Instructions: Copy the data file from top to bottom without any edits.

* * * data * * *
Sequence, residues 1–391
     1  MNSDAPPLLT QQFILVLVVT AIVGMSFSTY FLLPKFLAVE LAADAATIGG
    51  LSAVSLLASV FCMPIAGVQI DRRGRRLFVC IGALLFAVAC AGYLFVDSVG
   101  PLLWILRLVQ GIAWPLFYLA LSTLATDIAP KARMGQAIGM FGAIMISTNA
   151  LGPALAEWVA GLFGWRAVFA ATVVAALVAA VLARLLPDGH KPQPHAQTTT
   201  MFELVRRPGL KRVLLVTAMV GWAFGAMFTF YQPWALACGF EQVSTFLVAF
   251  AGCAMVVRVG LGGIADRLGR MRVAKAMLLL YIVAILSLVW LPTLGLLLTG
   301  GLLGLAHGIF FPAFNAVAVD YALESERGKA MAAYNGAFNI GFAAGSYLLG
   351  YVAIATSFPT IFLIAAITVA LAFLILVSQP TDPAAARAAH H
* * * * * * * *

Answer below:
Sequence, residues 1–391
     1  MNSDAPPLLT QQFILVLVVT AIVGMSFSTY FLLPKFLAVE LAADAATIGG
    51  LSAVSLLASV FCMPIAGVQI DRRGRRLFVC IGALLFAVAC AGYLFVDSVG
   101  PLLWILRLVQ GIAWPLFYLA LSTLATDIAP KARMGQAIGM FGAIMISTNA
   151  LGPALAEWVA GLFGWRAVFA ATVVAALVAA VLARLLPDGH KPQPHAQTTT
   201  MFELVRRPGL KRVLLVTAMV GWAFGAMFTF YQPWALACGF EQVSTFLVAF
   251  AGCAMVVRVG LGGIADRLGR MRVAKAMLLL YIVAILSLVW LPTLGLLLTG
   301  GLLGLAHGIF FPAFNAVAVD YALESERGKA MAAYNGAFNI GFAAGSYLLG
   351  YVAIATSFPT IFLIAAITVA LAFLILVSQP TDPAAARAAH H